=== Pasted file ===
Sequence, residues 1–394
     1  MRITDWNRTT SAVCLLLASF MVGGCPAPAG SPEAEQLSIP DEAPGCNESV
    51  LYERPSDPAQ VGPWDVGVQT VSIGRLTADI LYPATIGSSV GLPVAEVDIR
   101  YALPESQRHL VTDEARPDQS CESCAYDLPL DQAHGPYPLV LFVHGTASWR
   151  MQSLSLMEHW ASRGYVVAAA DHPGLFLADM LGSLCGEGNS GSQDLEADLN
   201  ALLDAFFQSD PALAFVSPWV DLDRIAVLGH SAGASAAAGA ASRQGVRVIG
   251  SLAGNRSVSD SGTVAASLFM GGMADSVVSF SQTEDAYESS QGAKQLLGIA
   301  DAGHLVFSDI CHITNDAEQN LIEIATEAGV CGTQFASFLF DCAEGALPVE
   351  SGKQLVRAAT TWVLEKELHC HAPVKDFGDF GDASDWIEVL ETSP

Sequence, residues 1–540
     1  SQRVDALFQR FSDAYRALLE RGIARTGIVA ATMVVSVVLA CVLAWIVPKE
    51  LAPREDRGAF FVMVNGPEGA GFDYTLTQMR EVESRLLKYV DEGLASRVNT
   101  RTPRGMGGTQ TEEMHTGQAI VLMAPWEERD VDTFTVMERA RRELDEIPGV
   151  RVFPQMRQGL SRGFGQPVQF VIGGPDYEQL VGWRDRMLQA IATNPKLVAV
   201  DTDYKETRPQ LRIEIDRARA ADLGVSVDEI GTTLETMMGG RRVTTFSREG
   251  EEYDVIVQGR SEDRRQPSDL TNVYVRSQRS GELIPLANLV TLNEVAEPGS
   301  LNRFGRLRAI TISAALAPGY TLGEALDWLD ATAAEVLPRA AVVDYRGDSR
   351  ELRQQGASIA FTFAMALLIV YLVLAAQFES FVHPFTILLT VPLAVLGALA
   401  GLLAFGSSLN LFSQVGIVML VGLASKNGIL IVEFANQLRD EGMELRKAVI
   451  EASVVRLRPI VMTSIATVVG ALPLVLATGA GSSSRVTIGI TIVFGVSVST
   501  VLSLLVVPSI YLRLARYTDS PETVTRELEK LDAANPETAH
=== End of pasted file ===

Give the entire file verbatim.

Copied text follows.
Sequence, residues 1–394
     1  MRITDWNRTT SAVCLLLASF MVGGCPAPAG SPEAEQLSIP DEAPGCNESV
    51  LYERPSDPAQ VGPWDVGVQT VSIGRLTADI LYPATIGSSV GLPVAEVDIR
   101  YALPESQRHL VTDEARPDQS CESCAYDLPL DQAHGPYPLV LFVHGTASWR
   151  MQSLSLMEHW ASRGYVVAAA DHPGLFLADM LGSLCGEGNS GSQDLEADLN
   201  ALLDAFFQSD PALAFVSPWV DLDRIAVLGH SAGASAAAGA ASRQGVRVIG
   251  SLAGNRSVSD SGTVAASLFM GGMADSVVSF SQTEDAYESS QGAKQLLGIA
   301  DAGHLVFSDI CHITNDAEQN LIEIATEAGV CGTQFASFLF DCAEGALPVE
   351  SGKQLVRAAT TWVLEKELHC HAPVKDFGDF GDASDWIEVL ETSP

Sequence, residues 1–540
     1  SQRVDALFQR FSDAYRALLE RGIARTGIVA ATMVVSVVLA CVLAWIVPKE
    51  LAPREDRGAF FVMVNGPEGA GFDYTLTQMR EVESRLLKYV DEGLASRVNT
   101  RTPRGMGGTQ TEEMHTGQAI VLMAPWEERD VDTFTVMERA RRELDEIPGV
   151  RVFPQMRQGL SRGFGQPVQF VIGGPDYEQL VGWRDRMLQA IATNPKLVAV
   201  DTDYKETRPQ LRIEIDRARA ADLGVSVDEI GTTLETMMGG RRVTTFSREG
   251  EEYDVIVQGR SEDRRQPSDL TNVYVRSQRS GELIPLANLV TLNEVAEPGS
   301  LNRFGRLRAI TISAALAPGY TLGEALDWLD ATAAEVLPRA AVVDYRGDSR
   351  ELRQQGASIA FTFAMALLIV YLVLAAQFES FVHPFTILLT VPLAVLGALA
   401  GLLAFGSSLN LFSQVGIVML VGLASKNGIL IVEFANQLRD EGMELRKAVI
   451  EASVVRLRPI VMTSIATVVG ALPLVLATGA GSSSRVTIGI TIVFGVSVST
   501  VLSLLVVPSI YLRLARYTDS PETVTRELEK LDAANPETAH